6 – Let go of toxicity

Most of us have someone in our life that brings us down and makes our lives harder. It is perfectly okay to let go of those relationships. If it is an abusive, controlling, or toxic friendship or relationship, let go of it. You do this by communicating to them that you think you should go your separate ways. If you do not like confrontation, you can start by unfollowing them on social media and not communicating with them or even blocking their number if they are intrusive. If it is a family member that you have to see again, limit your contact with them during the times you do not need to see them and do not let them steal your joy.

7 – Spend time in the daylight

Spending time outside is very important, especially during winter, when there is limited daylight. When our skin gets into contact with sunlight, our bodies produce vitamin D, which boosts our mood by releasing endorphins and serotonin. You could practice two habits for good mental health by taking a brisk walk outside for 30 minutes – easy right!

8 – Acts of kindness

Doing things for others is fantastic for your self-esteem. You could write a good review, help someone across the street, volunteer at a charity, cook for a new mom, or go pick up shopping for someone in need.

9 – Being happy for other people

Stop comparing yourself to others and try to be happy for them instead. Remind yourself that we are all good at different things and celebrate their victories with them. It teaches you to be selfless.

10 – Make tasks and goals more achievable

When working towards something, use SMART goals.
Specific – be specific about what your goal is and avoid things like “I want to exercise” instead say “I want to start swimming laps in the pool at the gym,” and then work towards it.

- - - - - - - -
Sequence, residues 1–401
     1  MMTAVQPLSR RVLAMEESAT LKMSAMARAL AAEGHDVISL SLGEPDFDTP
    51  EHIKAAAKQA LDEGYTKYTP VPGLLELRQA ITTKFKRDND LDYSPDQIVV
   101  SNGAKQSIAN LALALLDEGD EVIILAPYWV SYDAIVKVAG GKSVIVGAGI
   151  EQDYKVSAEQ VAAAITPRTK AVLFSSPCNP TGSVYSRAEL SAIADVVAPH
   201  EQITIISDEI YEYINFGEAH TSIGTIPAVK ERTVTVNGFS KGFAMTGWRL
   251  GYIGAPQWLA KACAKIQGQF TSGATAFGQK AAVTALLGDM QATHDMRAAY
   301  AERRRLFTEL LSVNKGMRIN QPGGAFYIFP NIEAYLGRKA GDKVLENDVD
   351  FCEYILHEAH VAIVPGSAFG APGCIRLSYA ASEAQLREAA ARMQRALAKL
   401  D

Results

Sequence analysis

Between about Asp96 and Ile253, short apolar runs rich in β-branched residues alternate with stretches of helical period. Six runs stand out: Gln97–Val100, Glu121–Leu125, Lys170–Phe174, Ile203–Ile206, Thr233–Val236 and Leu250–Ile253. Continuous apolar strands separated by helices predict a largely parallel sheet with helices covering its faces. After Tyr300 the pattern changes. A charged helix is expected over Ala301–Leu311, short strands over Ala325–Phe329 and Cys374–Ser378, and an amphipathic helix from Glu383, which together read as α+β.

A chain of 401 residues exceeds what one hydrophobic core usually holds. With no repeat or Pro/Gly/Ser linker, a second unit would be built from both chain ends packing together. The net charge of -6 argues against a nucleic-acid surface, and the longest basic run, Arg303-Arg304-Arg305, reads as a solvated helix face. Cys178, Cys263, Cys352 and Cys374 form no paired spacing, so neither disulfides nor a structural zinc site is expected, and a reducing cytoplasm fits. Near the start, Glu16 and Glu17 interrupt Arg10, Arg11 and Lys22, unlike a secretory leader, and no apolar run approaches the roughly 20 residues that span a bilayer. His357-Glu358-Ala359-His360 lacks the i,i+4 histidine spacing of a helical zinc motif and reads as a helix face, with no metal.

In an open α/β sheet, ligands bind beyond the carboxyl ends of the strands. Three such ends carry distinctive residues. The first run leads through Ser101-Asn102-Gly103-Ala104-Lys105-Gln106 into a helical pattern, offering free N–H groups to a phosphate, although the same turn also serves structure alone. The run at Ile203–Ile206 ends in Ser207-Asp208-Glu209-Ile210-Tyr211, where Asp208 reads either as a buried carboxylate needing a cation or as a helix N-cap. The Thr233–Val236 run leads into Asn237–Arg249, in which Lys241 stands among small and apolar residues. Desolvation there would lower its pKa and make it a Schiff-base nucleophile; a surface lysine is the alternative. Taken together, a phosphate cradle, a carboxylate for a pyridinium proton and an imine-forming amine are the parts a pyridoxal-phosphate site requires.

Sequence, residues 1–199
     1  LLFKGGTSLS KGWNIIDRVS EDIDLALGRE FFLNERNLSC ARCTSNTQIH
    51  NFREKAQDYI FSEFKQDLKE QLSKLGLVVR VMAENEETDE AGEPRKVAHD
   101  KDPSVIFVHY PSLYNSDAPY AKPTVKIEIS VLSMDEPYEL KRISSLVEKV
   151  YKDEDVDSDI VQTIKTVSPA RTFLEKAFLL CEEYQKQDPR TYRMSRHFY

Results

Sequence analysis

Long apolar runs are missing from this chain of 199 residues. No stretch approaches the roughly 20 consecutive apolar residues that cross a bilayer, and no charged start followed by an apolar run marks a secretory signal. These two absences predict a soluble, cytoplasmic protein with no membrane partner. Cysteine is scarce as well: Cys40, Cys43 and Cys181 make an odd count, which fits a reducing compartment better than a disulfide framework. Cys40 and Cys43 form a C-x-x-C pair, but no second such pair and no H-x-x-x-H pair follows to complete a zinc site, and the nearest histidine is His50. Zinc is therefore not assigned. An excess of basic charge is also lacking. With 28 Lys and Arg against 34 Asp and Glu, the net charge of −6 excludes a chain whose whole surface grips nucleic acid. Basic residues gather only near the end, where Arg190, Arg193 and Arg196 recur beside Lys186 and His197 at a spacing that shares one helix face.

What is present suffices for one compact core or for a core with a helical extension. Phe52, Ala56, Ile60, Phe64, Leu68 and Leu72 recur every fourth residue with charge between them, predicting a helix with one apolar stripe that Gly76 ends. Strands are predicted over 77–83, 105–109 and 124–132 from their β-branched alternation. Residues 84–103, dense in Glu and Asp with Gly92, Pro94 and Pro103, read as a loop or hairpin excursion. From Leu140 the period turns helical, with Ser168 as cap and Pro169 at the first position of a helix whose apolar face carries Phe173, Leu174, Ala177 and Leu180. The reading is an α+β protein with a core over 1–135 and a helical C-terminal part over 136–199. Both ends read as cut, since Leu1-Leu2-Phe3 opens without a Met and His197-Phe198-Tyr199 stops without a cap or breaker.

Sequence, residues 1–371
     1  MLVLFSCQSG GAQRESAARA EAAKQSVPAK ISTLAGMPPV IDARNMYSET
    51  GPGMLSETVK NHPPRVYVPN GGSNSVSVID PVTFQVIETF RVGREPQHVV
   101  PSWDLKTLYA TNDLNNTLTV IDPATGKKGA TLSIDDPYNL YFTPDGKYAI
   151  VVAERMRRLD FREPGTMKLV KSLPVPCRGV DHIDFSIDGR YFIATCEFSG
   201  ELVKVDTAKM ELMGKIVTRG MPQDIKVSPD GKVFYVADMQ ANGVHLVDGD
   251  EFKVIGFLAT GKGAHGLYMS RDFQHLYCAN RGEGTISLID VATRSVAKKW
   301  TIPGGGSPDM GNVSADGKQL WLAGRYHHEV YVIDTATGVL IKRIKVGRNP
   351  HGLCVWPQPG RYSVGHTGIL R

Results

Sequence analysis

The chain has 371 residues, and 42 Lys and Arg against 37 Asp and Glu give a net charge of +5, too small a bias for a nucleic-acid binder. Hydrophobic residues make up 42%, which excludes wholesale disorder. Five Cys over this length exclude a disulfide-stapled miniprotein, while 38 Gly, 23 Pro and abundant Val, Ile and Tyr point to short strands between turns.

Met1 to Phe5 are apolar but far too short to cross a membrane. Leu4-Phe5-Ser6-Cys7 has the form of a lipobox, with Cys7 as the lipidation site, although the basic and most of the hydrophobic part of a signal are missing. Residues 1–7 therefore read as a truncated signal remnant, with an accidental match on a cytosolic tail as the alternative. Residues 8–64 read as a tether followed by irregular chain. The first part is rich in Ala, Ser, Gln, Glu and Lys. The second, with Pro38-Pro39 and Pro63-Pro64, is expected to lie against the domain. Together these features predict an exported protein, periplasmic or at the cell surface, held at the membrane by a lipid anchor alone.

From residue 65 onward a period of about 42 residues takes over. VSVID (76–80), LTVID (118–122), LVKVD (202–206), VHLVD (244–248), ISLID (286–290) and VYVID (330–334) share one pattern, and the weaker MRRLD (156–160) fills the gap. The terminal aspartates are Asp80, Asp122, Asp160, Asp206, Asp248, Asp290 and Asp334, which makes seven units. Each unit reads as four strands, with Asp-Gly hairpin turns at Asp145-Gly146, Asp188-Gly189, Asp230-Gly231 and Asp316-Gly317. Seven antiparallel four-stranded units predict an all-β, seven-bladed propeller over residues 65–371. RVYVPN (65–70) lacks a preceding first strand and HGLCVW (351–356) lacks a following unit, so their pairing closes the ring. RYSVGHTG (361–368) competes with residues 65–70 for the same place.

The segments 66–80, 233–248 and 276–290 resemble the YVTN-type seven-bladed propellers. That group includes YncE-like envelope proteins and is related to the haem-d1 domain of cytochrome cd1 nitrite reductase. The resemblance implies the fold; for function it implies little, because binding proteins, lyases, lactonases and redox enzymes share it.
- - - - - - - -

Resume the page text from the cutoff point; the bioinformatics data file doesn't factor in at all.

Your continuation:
Measurable – The goal has to be measurable “I will swim laps for 30 minutes in the pool five times a week”.
Achievable – your goal needs to be attainable for you. If you do not have access to a pool, then setting a goal to swim won’t help.
Realistic – you need to think about if your goal is realistic. Maybe you won’t be able to go swimming five days a week, but rather three times. Make it realistic, then the chance for failure is much less.
Timely – set a time for yourself of when you want to achieve the goal. For example, you might want to swim three times a week by the end of the month.

11 – Look out for signs

If you realise that you are having more bad days than good ones, make an appointment with a mental health professional, like a registered professional counsellor or psychologist.

Curious to see how good your mental health is? Try this quick test from the Mental Health Foundation to find out your good mental health score.

 

 

 

About Andri

My name is Andri and I am passionate about encouraging others and sharing information and coping strategies through my personal experiences of having Bipolar 1 Disorder. I have a Honours degree in Psychology and am currently busy with my Masters degree in Psychology.